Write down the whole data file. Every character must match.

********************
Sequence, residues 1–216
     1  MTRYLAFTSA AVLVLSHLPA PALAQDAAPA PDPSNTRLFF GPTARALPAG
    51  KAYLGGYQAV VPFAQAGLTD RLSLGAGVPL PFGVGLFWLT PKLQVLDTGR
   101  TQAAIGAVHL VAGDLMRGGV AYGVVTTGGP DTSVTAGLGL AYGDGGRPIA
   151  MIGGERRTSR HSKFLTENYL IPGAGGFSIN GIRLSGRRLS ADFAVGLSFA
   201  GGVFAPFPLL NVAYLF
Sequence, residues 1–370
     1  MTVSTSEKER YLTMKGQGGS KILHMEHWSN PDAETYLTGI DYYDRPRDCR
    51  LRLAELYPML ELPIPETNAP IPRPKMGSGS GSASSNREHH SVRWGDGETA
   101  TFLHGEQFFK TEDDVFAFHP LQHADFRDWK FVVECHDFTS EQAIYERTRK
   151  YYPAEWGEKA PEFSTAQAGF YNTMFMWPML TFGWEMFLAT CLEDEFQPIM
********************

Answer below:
Sequence, residues 1–216
     1  MTRYLAFTSA AVLVLSHLPA PALAQDAAPA PDPSNTRLFF GPTARALPAG
    51  KAYLGGYQAV VPFAQAGLTD RLSLGAGVPL PFGVGLFWLT PKLQVLDTGR
   101  TQAAIGAVHL VAGDLMRGGV AYGVVTTGGP DTSVTAGLGL AYGDGGRPIA
   151  MIGGERRTSR HSKFLTENYL IPGAGGFSIN GIRLSGRRLS ADFAVGLSFA
   201  GGVFAPFPLL NVAYLF
Sequence, residues 1–370
     1  MTVSTSEKER YLTMKGQGGS KILHMEHWSN PDAETYLTGI DYYDRPRDCR
    51  LRLAELYPML ELPIPETNAP IPRPKMGSGS GSASSNREHH SVRWGDGETA
   101  TFLHGEQFFK TEDDVFAFHP LQHADFRDWK FVVECHDFTS EQAIYERTRK
   151  YYPAEWGEKA PEFSTAQAGF YNTMFMWPML TFGWEMFLAT CLEDEFQPIM